13. jb1911


    Sep 21, 2011
    This is true. I have a G26 and a Nano and the G26 is just as easy to carry as the Nano. I actually carry the G26 more because it's more reliable and is 10+1 as opposed to the Nano's 6+1.
    Last edited: May 11, 2012
  14. ijacek


    Jun 21, 2008
    576,000 the last I've heard.
  15. JAS104

    JAS104 NRA Life Member

    Apr 2, 2012
    The 36 is single stack, but to shrink it down like that is a huge design difference.

    Personally, I'm cool with them not going with the pocket pistol fad. Put a man's gun on your hip.
  16. cloudbuster


    Mar 17, 2005
    I think this is the crux of the problem. Shrinking the width of the slide to the extent necessary for a true, slim single-stack .40 or 9mm would completely change the physics of the pistol. They'd have to redesign the locking block, the recoil spring, everything. I think they believe, all things considered, the benefits (to them) wouldn't be worth the costs.

    Because of all the redesign, very few pieces would be "parts compatible" with existing Glocks, so all the consumer would get is the Glock name and a reputation for reliability that would need to be proven all over again for a gun that's so fundamentally different. Might as well just buy a Kahr, Ruger or Kel-Tec, etc. and be done with it. There's no shortage of slim single-stacks on the market.
  17. Durden


    Oct 5, 2010
    I am with the OP on this.

    Even moderately well-run companies never pass on an opportunity to expand their market share, revenue and, hopefully, profitability, especially when the sun is shining (the best time to make hay).

    I believe the critical dimension in a concealed carry sidearm is in that which is its thickest point, whether the slide or grip, and the second most important factor is overall weight.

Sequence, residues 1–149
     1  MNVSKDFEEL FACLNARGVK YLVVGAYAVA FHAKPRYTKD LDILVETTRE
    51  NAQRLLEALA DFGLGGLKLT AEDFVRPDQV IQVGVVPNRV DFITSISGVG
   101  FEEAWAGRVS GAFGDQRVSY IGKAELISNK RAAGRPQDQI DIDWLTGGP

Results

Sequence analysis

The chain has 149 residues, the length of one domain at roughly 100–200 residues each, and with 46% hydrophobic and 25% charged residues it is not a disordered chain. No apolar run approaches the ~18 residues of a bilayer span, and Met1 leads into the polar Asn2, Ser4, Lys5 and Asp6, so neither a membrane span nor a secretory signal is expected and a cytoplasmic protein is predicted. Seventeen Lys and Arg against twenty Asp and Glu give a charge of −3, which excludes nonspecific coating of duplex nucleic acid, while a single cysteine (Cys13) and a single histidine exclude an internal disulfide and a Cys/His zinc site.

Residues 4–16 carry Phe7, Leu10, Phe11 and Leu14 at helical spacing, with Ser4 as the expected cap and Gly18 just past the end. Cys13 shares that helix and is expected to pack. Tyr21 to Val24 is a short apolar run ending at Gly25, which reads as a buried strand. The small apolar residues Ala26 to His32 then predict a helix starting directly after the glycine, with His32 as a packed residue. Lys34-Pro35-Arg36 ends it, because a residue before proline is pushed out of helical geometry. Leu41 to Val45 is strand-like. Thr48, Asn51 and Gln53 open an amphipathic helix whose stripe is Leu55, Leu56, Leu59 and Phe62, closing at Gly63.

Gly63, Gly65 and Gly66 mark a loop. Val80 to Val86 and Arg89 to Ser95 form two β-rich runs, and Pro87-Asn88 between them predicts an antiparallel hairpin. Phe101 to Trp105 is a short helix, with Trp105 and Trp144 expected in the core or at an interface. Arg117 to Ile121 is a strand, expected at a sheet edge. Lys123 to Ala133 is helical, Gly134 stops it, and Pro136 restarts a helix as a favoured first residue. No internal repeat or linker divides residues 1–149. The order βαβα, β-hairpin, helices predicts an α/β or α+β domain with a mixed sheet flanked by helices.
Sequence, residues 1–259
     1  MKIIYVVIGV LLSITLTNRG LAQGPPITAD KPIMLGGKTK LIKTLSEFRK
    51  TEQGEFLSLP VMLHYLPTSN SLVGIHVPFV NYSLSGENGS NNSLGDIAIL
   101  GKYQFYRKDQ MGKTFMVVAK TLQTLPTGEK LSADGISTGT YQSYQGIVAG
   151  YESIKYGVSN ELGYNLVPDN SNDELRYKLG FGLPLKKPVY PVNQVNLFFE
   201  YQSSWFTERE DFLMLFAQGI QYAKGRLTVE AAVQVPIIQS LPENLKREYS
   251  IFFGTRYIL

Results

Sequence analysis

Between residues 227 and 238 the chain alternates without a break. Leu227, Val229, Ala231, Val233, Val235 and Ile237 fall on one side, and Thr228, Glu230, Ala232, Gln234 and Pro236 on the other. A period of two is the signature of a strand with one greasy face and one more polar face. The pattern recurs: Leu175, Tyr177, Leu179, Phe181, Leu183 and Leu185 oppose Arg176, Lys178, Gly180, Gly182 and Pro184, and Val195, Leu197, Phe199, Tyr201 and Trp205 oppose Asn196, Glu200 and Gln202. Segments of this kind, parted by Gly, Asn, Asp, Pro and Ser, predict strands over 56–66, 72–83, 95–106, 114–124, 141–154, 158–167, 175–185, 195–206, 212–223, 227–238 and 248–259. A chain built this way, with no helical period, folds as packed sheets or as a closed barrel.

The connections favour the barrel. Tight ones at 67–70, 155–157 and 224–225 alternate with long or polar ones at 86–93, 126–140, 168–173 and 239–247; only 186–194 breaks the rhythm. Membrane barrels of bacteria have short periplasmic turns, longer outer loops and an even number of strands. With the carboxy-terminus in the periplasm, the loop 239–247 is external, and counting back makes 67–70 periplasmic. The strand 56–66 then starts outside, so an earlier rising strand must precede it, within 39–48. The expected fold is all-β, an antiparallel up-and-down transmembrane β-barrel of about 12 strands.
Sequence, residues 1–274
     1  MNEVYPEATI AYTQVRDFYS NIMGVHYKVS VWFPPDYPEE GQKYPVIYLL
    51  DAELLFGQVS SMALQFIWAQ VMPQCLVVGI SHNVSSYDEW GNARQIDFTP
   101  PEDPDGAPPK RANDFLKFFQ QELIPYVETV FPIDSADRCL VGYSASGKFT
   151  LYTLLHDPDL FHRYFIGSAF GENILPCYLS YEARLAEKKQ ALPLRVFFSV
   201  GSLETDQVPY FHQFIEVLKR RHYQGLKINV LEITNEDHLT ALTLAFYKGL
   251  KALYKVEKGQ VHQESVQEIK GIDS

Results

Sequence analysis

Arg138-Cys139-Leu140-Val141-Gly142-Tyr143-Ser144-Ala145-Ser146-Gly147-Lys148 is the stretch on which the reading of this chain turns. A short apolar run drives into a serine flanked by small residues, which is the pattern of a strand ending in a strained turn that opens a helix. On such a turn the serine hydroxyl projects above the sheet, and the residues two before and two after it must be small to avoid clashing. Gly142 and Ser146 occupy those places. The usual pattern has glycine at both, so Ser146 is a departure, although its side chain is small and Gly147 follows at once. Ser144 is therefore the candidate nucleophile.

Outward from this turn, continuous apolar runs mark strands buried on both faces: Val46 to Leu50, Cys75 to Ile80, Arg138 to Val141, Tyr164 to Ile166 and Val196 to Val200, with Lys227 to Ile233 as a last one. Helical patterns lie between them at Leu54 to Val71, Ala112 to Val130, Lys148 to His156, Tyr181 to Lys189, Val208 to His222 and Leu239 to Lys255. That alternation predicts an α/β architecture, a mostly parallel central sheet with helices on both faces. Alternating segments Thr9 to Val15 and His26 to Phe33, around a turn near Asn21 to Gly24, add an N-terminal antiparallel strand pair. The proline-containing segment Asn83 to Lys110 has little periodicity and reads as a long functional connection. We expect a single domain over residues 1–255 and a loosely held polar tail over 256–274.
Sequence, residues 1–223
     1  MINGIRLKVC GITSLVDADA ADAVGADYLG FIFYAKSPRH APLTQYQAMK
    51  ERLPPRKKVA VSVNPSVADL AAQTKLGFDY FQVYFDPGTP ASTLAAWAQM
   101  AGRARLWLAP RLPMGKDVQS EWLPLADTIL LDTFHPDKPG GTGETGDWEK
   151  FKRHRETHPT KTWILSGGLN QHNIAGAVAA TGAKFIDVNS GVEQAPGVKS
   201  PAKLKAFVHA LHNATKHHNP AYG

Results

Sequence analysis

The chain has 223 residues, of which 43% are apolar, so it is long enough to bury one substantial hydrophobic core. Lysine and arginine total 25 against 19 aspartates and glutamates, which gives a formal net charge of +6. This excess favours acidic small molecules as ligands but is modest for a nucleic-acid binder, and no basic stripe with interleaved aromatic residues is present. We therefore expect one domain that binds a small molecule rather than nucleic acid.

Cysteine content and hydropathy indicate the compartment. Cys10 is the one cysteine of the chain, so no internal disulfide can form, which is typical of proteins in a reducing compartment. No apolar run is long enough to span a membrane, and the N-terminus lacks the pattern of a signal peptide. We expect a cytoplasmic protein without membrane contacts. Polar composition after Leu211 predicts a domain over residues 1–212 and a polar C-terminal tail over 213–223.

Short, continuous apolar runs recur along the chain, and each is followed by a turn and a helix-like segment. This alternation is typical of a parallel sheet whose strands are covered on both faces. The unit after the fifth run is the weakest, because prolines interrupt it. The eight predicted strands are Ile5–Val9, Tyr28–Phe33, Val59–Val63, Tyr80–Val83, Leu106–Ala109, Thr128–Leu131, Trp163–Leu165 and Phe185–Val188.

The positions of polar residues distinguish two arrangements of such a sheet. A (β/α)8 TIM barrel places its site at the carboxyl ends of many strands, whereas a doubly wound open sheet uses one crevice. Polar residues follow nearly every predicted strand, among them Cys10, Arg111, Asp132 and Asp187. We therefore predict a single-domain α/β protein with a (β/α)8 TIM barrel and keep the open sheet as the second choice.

Glock 9mm double stacks are way too thick to comfortably carry concealed relative to many of the competitor offerings.

    I've resigned myself to the fact that I'll never be able to carry a G19 or G26 comfortably and concealed over any lengthy period of time, especially in warmer weather, because the grip is too thick.

    Since I believe that Glock is a well run, rather than moderately well run, corporation, and given that Glaston is a doer rather than a talker, I can only speculate that there's an engineering issue or maybe a patent issue (or maybe both) that has thus far prevented Glock from offering up a single stack, thin 9mm, with a dedicated purpose of being the top dog for the concealed carry crowd.
  18. Metal Angel

    Metal Angel

    Oct 20, 2010
    Frankly Glock is not a good company. They built a solid gun design that filled a role that no one knew they needed, and exploded because of it. Because the original design pushed things forward so far, it stayed popular longer than a normal "new hot" gun. However, Glock is no longer interested in pushing things forward, they are not even interested in keeping up, and IMO, their days are numbered because of this.
  19. cowboy1964


    Sep 4, 2009
  20. concretefuzzynuts

    concretefuzzynuts Brew Crew

    Dec 27, 2011
    Why doesn't Peterbilt make a car?

    Glock markets to people who want and like Glocks. It's not that hard to figure out. Plus ATFE import point system. And their factory and production is tooled for the simple, interchangeable interior parts.

    Glock has a booming business making a product that orders can't be filled as it is.